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I have to overload the shift operator " << " both for writing in console and to write on a binary file..

I am doing okay for the ostream overloading, while I am having some problem overloading the fstream, here it is:

in my header:

friend ostream &operator<<(ostream &, const Fotografia &);
friend fstream &operator<<(fstream &, const Fotografia &);

in my cpp file:

fstream &operator<<(fstream & miofile, const Fotografia & sorgente)
{
        //Open the file
        miofile.open("data.dat", ios::binary | ios::app);
        if(!miofile) cerr << "Can't open the file\n";
        miofile << strlen(sorgente.Titolo);
        miofile << endl;        
        miofile << sorgente.Titolo;
        //I close the file
        miofile.close();
        return miofile;

}

Here's the error I am facing:

In function `std::fstream& operator<<(std::fstream&, const Fotografia&)':

ISO C++ says that these are ambiguous, even though the worst conversion for the first is    better than the worst conversion for the second:

std::basic_ostream<char, _Traits>& std::operator<<(std::basic_ostream<char, _Traits>&, const char*) [with _Traits = std::char_traits<char>] 

std::fstream& operator<<(std::fstream&, const Fotografia&) 

What I understood so far is that there's ambiguosity between the overloaded function I just created and the standard fstream << . Now, what I do not understand is why, because my overloaded function should work just for the class "Fotografia" (which was created by me), while I am trying to write a char * .

I thought I could solve this problem by calling the fstream operator with the "::" scope but I am not sure.

Could anyone help me out here please? :)

EDIT:

I am posting the code for the header and the code for the constructor

         //Costruttore,distruttore,costruttore di copia,operatore di assegnazione.
         Fotografia(char * titolo = "Untitled" , char * formato = ".jpeg");
         ~Fotografia() { delete [] Titolo; delete [] Formato;}
         Fotografia(const Fotografia &);
         Fotografia &operator=(const Fotografia &);

This is in the cpp:

 Fotografia::Fotografia(char * titolo , char * formato)
 {
     Titolo = new char[strlen(titolo)+1];
     strcpy(Titolo,titolo);
     Formato = new char[strlen(formato)+1];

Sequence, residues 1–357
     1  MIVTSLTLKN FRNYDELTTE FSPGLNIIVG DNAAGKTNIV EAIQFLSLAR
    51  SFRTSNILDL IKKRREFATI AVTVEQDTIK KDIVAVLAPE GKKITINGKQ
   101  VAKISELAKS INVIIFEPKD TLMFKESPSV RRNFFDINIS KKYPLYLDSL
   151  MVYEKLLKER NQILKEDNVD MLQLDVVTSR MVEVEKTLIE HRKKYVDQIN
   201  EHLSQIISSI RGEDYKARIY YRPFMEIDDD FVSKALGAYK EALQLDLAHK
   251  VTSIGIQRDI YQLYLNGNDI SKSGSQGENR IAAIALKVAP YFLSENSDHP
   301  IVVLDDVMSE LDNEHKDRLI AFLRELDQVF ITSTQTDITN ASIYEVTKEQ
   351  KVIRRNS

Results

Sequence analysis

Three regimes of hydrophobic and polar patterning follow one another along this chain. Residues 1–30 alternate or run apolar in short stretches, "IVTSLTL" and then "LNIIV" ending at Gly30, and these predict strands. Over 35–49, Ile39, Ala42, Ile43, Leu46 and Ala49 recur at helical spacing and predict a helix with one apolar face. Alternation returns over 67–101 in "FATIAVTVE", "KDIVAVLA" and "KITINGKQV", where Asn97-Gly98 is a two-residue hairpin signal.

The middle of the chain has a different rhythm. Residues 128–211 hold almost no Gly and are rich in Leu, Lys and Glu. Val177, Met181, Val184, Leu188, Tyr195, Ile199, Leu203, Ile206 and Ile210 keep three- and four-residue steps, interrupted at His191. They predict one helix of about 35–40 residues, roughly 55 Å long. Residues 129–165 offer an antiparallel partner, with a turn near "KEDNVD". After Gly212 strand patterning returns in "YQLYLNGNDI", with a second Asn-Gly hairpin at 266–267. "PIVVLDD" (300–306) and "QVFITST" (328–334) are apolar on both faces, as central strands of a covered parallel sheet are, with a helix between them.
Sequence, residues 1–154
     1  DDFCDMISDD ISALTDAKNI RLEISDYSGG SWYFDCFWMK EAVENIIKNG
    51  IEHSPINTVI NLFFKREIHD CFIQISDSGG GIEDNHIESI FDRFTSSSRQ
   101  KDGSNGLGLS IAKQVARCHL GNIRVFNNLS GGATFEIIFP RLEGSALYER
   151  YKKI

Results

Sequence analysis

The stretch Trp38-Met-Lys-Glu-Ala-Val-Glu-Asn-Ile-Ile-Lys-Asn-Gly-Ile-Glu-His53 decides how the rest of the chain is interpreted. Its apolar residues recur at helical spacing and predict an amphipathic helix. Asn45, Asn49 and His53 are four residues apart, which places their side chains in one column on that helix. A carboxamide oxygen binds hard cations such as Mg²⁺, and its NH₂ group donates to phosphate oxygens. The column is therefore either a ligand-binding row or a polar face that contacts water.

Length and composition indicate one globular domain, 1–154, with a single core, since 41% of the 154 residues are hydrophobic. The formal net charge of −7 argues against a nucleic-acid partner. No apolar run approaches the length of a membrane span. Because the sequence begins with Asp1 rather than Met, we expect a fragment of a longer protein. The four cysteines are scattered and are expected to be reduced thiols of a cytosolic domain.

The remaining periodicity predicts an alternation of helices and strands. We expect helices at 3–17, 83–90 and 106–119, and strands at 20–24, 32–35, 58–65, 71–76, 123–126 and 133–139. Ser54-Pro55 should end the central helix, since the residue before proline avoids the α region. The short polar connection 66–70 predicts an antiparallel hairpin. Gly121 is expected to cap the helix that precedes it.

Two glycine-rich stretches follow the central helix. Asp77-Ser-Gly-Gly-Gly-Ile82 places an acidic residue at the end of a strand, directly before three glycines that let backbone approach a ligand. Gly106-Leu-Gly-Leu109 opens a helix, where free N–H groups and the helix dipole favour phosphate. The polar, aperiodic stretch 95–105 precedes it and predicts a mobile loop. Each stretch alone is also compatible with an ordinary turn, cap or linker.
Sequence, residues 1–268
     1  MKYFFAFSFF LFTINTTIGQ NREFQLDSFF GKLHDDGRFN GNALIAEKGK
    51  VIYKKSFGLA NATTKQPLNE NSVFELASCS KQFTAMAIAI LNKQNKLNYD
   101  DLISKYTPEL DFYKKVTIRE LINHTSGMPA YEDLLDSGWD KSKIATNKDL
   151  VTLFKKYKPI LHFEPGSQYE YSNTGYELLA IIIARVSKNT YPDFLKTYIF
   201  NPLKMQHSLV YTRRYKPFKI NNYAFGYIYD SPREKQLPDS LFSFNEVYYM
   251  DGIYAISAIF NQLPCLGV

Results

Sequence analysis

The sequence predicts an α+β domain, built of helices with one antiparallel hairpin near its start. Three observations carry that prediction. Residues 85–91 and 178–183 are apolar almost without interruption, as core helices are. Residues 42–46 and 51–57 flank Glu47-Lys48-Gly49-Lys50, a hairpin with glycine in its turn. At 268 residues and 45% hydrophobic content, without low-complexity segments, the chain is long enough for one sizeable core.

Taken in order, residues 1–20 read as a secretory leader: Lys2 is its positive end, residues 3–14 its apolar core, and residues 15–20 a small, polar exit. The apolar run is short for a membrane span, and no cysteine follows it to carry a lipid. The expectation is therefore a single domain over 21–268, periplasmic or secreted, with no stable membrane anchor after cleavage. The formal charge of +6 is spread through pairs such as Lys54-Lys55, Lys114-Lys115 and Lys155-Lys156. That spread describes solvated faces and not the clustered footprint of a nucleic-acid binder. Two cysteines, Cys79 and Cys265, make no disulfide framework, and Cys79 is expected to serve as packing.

strcpy(Formato,formato);
  } //Fine costruttore
share|improve this question
5  
An fstream is an ostream. –  chris Jan 30 '13 at 18:04
3  
Shouldn't the fstream passed into operator<< be opened and closed by the caller? as it is passing it in and out of the function is kind of pointless. About your problem: Do you have any implicit conversions between char* and Fotografia (operator char* or Fotografia(const char*))? –  Grizzly Jan 30 '13 at 18:09

2 Answers 2

up vote 4 down vote accepted

Get rid of the operator char* in Fotografia, or mark it explicit.

Also, instead of limiting the code to inserting in an fstream, you could insert into an arbitrary basic_ostream. That would still work for an fstream, and would give you more flexibility to use other forms of output streams. That would also eliminate the error.

share|improve this answer
    
I'm not sure I'm following you, Pete. Both fstream and ostream are ultimately basic_ostream<char>. He could try using basic_ostream<unsigned char>, but I'm not sure the behavior is defined if he does. The standard doesn't specify any semantics for it, and I suspect that something like std::basic_ofstream<unsigned char> will not work in most implementations. (Personally, I still think making the iostreams templates, rather than just supplying two separate classes, was a mistake. Sort of violates the KISS principle, since you can only use two instantiations anyway.) –  James Kanze Jan 30 '13 at 18:29
    
@JamesKanze: Wouldn't having different classes for char and wchar_t violate DRY? Especialy when it comes to supporting custom streamout for both cases. Always writing a completely generic template and using sfinae to enable it only for stream classes is a bit cumbersome afterall. –  Grizzly Jan 30 '13 at 18:34
    
@JamesKanze - heh, I didn't read the question carefully enough. Still, I stand by the conclusions, even if the logic is flawed. <g> –  Pete Becker Jan 30 '13 at 18:57
    
@Grizzly I'm not sure what DRY means, but... One of the problems with the template solution is that it forces both classes to have the same semantics. When they really shouldn't. –  James Kanze Jan 30 '13 at 19:25
    
I made an edit to my first post and put the code for my header and constructor, I don't have the "operator char*" anywhere, could you please point out what I should mark explicit? Thanks a lot for your patience and kind help! ---Edit: Got it! Thanks for your help!!! --- –  Andrew Jan 30 '13 at 19:42

It makes no sense to overload operator<< for std::fstream. First, because experienced C++ programmers hardly every use std::fstream; they use std::ofstream or std::ifstream. And second, because once you've used a <<, the return value is a std::ostream anyway, so the operator<< for ofstream would never be called.

Of course, your implementation of the operator also violates all of the rules. You don't open or close a file in the operator; the operator is for formatting the data. If you want to support two different formats, the usual way would be to define a manipulator to choose between them, and let the client decide. (See std::ios_base::xalloc() and company for where to put the additional state.)

share|improve this answer
    
Good point, I'll try and use accordingly ofstream and ifstream instead of fstream. Also, I am going to let the user open and close the file, while the operator manipulates the data. Thanks for your help! –  Andrew Jan 30 '13 at 19:41

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